LA Times Now Describing Illegal Aliens As 'Informal Workers' Who 'Labor Unofficially'

September 2nd, 2014 7:41 AM

Via Weasel Zippers, we learned the Los Angeles Times has a new term for illegal aliens in the work force: they’re “informal workers,” and that doesn’t mean they don’t arrive on the job in a tuxedo.

Times reporter Tiffany Hsu (a "UC Berkeley grad") began her Saturday story with the new I-word (and illegal immigrants also “labored unofficially” in "gray employment"):

Informal workers are growing part of California’s economy — a shift keenly felt in the construction industry, where 1 in 6 workers is either off the books or misreported, new research has found.

Construction businesses in the state employ roughly 895,000 workers, according to a report by downtown Los Angeles research group Economic Roundtable that was released Sunday. In 2011, 143,900 of those workers labored unofficially...

In specialty trades such as drywall and flooring, a quarter of laborers are considered informal, according to the Economic Roundtable.

Construction in California is a $152-billion industry, one in which so-called gray employment has surged 400% since 1972. The upswing has been especially pronounced since the most recent recession because only two-thirds of the formal construction jobs that disappeared have since returned...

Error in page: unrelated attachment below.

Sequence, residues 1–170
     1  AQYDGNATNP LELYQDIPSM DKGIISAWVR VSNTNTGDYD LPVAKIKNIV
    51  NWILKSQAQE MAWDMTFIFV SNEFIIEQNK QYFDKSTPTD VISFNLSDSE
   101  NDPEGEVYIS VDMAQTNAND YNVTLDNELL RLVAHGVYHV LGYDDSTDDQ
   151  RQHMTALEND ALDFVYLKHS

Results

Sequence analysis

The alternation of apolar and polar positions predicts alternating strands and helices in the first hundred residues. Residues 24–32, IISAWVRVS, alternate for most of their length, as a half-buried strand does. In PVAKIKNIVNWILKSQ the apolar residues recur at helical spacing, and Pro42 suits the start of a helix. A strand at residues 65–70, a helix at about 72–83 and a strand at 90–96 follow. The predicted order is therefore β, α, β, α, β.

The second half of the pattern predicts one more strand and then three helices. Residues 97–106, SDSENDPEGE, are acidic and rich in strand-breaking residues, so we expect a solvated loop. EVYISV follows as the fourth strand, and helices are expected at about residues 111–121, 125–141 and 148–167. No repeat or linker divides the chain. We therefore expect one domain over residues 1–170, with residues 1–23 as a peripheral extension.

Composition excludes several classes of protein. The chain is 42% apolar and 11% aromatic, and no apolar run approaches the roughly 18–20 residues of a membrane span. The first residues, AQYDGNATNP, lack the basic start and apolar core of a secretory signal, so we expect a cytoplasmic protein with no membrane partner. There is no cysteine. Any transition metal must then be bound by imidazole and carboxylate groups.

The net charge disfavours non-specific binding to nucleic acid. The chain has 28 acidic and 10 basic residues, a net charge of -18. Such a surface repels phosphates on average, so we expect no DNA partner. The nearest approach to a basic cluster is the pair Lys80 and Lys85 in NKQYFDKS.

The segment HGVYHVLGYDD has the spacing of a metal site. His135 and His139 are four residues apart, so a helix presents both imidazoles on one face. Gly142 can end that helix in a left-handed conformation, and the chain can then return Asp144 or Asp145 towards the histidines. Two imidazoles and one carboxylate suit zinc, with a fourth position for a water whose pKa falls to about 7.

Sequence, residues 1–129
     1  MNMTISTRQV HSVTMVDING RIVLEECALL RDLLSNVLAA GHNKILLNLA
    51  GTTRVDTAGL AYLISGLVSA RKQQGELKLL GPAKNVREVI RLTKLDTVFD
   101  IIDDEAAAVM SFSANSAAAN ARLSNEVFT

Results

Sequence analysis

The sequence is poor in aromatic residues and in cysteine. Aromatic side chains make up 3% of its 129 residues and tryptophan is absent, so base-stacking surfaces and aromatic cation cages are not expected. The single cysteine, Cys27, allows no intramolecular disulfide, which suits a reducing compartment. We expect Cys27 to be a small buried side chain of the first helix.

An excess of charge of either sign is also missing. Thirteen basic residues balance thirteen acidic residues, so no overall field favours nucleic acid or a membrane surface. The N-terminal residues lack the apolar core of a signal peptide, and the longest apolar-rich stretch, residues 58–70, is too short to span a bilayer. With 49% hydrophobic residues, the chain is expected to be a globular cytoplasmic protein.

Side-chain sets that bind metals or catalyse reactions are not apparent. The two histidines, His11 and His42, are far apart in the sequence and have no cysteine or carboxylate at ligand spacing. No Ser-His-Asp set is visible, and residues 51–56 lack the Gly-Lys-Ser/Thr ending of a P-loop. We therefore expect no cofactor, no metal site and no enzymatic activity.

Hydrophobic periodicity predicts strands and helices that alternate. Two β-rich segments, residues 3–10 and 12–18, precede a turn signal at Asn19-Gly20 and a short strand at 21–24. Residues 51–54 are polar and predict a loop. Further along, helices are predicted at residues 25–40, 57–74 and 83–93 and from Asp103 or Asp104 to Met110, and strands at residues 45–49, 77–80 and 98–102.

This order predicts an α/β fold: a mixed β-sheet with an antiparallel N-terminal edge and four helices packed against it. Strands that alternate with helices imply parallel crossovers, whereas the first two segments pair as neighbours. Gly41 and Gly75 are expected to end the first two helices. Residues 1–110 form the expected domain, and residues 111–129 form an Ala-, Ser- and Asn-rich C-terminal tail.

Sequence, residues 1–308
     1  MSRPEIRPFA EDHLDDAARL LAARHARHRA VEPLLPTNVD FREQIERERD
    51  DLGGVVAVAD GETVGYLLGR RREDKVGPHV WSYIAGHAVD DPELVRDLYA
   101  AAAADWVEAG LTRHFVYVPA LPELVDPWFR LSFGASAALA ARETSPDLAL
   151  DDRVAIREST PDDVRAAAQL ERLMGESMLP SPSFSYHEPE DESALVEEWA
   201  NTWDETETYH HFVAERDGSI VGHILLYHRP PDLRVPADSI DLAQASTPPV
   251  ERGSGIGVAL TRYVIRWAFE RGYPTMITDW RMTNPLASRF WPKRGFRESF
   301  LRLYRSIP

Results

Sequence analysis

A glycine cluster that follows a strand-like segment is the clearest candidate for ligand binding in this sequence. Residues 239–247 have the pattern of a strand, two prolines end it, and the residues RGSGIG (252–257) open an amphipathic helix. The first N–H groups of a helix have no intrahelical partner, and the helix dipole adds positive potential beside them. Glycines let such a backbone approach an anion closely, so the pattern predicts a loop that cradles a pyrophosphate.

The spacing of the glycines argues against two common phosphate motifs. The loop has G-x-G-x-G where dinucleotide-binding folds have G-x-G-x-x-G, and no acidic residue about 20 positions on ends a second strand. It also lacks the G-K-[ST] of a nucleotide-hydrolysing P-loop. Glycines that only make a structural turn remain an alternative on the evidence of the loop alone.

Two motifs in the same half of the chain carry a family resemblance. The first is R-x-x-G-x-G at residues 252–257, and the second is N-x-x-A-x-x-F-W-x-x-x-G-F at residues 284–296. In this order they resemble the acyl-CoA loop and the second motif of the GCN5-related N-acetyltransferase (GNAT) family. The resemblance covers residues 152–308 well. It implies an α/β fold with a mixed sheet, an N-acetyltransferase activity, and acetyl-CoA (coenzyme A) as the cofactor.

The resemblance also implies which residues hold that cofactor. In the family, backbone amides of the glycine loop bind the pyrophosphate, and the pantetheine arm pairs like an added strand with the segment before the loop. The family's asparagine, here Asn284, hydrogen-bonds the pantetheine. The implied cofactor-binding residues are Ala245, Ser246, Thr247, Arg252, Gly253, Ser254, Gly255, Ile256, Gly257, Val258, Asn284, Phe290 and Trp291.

The Economic Roundtable report recommends a wage floor that allows informal and formal workers to be paid the same amount and also suggests that legislators enact policies that reward on-the-level contractors.

The headline on the website was "1 in 6 California construction workers labors in shadows, study finds."

PS: Speaking of disregarding law and order, Hsu recently relayed a Times interview with Labor Secretary Thomas Perez, where both reporters and the Obama official pushed for “banning the box” asking job applicants about their criminal record:

TIMES: Does the administration have a position on the effort to remove questions about past convictions from job applications?

PEREZ: I don’t know if we’ve articulated a formal position. I support ban-the-box movements. Baltimore city has a ban the box. I know [Los Angeles] Mayor [Eric] Garcetti supports it as well.

I think they’ve been proven to be very effective. And I think opponents sometimes mischaracterize those provisions and say, ‘Oh, well, the child care center has to hire a pedophile.’ Of course it doesn’t require that to happen. But what does happen is people can get through the process and be considered.

Baltimore city has it, and [Johns] Hopkins [University] is the most prolific employer in Maryland, not to mention Baltimore city. And it has not gotten in the way at all.